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Aortic Aneurysm Screening Urged for Older Male Smokers

The US Preventative Services Task Force (USPSTF)have recommended that men aged 65 to 75 who have ever smoked should get an ultrasound to screen for Abdominal Aortic Aneurysm (AAA).

Why is screening important? Most AAAs are “silent” until they rupture and AAA ruptures are often fatal.

The Mayo Clinic defines an AAA as “An abdominal aortic aneurysm is an enlarged area in the lower part of the aorta, the major blood vessel that supplies blood to the body. The aorta, about the thickness of a garden hose, runs from your heart through the center of your chest and abdomen. Because the aorta is the body’s main supplier of blood, a ruptured abdominal aortic aneurysm can cause life-threatening bleeding”

Screening for an AAA is an easy procedure – its simply an ultrasound of your abdomen, concentrating on the aorta. Canada Diagnostic Centres has been providing AAA screening since 2007 and patients often combine this screening test with our other screening exams for early detection of disease.

What about men over age 65 who have never smoked? the Task Force asks doctors to consider their patients on a case-by-case basis. Patients may have other risk factors which may suggest screening is a good idea, such as a family history of AAA, a history of other vascular aneurysms, atherosclerosis, obesity and hypertension.

Where does that leave women? The evidence isn’t in yet, but this is an area that is being actively studied. Risk factors should definitely be considered.

Should you get a screening ultrasound for AAA? Talk to your doctor about your risk factors and whether this exam is right for you. We would be happy to give you more information about the exam and the other screening tests we provide at Canada Diagnostic. Its easy to contact us at 604-709-8522, or toll-free at 1-877-709-8522. Prefer email? Please contact us at info@canadadiagnostic.com

  Filed under: Categories: Atherosclerosis, Cardiovascular, CT Scans, Early Detection, Heart Disease, Screening Exams, and Ultrasound Scans. Tags: aneurysm, aorta, atherosclerosis, Private CT Vancouver, Private MRI Vancouver, private Ultrasound vancouver, and screening.
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What’s your risk of heart attack? Should you get tested?

CardioSmart, by the American College of Cardiology, has an excellent overview of a Coronary Artery Calcium Score test and some great advice as to whether you should get tested or not.

A coronary calcium scan checks for calcium buildup in the coronary arteries. Calcium in these arteries is a sign of heart disease. A high score on a calcium scan can mean that you have a higher chance of having a heart attack than someone with a low score.

The results of a coronary calcium scan may prompt you to make some lifestyle changes, such as exercising, eating better, and quitting smoking. But if you’re worried about heart disease, you can do these things even if you don’t have this test.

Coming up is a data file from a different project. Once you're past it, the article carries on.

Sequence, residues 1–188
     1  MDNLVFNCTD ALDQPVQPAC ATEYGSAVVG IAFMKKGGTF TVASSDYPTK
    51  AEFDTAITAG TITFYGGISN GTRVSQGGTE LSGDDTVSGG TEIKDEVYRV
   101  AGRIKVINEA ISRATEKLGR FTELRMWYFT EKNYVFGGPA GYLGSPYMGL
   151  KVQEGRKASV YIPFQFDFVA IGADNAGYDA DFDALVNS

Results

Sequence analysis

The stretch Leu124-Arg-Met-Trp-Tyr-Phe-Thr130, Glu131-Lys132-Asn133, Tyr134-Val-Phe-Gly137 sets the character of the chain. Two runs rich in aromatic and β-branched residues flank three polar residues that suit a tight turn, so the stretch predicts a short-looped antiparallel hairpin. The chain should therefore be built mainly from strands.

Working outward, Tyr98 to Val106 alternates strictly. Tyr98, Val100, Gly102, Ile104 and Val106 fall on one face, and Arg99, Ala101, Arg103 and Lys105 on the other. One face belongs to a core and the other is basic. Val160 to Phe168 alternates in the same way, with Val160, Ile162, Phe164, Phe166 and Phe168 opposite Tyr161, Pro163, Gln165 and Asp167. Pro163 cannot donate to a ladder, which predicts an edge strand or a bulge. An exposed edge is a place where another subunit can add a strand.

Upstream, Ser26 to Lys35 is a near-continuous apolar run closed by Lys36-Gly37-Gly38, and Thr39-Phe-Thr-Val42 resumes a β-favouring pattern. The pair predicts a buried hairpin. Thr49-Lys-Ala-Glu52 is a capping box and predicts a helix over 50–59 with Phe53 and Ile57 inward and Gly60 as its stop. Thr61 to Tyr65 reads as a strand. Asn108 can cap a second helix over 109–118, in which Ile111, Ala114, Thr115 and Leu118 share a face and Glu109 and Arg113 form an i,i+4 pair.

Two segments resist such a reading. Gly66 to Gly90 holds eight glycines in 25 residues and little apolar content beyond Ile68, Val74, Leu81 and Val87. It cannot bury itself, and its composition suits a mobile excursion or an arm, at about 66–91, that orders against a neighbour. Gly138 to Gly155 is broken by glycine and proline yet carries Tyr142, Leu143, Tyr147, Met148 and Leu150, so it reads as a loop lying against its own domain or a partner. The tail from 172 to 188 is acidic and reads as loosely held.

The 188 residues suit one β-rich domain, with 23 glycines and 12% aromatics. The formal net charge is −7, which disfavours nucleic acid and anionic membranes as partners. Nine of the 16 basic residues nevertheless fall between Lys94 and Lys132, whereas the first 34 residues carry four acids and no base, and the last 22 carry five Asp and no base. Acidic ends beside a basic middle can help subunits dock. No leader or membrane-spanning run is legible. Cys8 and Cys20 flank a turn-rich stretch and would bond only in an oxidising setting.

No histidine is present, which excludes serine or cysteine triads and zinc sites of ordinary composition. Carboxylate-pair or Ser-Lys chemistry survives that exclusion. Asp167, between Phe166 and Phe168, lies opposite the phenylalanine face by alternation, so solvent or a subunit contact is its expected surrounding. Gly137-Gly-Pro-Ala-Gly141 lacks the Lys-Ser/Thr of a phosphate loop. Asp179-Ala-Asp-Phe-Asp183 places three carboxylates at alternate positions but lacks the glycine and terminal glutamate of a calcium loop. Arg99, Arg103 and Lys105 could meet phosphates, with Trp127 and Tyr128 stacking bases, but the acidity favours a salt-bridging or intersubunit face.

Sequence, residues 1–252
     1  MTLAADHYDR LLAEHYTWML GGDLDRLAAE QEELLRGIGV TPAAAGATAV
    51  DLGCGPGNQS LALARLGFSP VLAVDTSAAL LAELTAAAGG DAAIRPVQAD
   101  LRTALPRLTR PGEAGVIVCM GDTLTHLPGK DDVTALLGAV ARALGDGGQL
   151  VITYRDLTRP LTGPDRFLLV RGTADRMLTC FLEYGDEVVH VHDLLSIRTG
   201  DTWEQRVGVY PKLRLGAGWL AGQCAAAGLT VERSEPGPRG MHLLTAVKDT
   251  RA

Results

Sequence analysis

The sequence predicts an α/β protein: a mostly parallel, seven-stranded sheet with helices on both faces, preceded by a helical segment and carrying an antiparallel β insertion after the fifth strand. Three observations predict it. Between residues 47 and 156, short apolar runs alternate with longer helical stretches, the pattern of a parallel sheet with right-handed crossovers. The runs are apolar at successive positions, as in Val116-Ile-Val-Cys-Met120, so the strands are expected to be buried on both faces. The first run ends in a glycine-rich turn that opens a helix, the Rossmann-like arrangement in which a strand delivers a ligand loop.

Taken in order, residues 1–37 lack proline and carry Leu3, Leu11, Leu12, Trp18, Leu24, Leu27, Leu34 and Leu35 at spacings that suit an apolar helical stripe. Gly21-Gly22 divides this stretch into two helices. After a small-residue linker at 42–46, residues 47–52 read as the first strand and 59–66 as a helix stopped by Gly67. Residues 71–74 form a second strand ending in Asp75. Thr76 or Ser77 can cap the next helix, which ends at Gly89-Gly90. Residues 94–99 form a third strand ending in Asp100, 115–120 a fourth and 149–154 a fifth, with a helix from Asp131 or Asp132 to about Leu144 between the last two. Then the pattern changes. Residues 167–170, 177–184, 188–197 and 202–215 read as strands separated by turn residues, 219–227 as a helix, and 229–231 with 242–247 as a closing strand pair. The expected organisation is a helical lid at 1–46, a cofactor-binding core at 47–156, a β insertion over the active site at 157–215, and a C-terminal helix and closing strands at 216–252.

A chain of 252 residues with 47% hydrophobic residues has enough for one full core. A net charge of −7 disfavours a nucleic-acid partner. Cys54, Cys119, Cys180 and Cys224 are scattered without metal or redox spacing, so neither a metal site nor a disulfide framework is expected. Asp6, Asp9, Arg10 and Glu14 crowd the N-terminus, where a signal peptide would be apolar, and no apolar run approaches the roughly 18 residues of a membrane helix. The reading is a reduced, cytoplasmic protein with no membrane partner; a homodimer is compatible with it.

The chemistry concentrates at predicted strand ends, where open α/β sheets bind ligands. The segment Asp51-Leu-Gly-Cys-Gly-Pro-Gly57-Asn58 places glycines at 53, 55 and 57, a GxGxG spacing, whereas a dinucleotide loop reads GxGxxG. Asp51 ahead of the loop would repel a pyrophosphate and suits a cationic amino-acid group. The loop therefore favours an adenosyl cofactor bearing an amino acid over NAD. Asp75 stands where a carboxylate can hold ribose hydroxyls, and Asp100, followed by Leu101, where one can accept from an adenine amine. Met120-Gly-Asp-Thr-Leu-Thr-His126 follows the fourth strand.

People who are at medium risk for heart disease will get the most benefit from this test. Medium risk means that you have a 10% to 20% chance of having a heart attack in the next 10 years, based on your risk factors. You can be at medium risk and not have any symptoms of heart disease. Knowing your risk for a heart attack is a key part of your decision to get a scan. Take the online quiz here.

A calcium scan can give your doctor more information about your risk for heart disease. A high score might prompt your doctor to start or change treatment to help you avoid a heart attack.
You could get a high score from the test even if your arteries aren’t blocked. This could lead to other tests or treatments that you don’t need.

Not all blocked arteries have calcium. So you could get a low calcium score and still be at risk.

If a Calcium Score might be right for you, talk to your doctor. Canada Diagnostic has been providing Calcium Scores since 2002, and since 2007 we’ve been providing ultrasound scans of the carotid arteries which is another excellent screening exam for early signs of plaque build-up. You can learn more about our atherosclerosis screening exams on our website. Call us to find out more about both exams at 604-709-8522 or email us at info@canadadiagnostic.com.

  Filed under: Categories: Atherosclerosis, Cardiovascular, CT Scans, Early Detection, Heart Disease, Heart Scans, Screening Exams, and Ultrasound Scans. Tags: atherosclerosis, Calcium Score, heart attack risk, heart disease, heart scan, Private CT Scan Vancouver, Private MRI Vancouver, and Screening Exams.
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Adding MRI or Ultrasound to Mammograms may help discover more cancers

Women with an increased risk of breast cancer AND dense breasts may benefit from adding ultrasounds or MRIs to their annual mammogram screenings.

Researchers from 21 institutions affiliated with the American College of Radiology Imaging Network (ACRIN) found that ultrasounds and MRIs found additional cancers not seen by mammography alone.  The study concluded that supplemental ultrasounds increased cancer detection by an average of 4.3 cancers per 1,000 women per year while MRI further increased cancer detection by an average of 14.7 cancers per 1,000 women per year.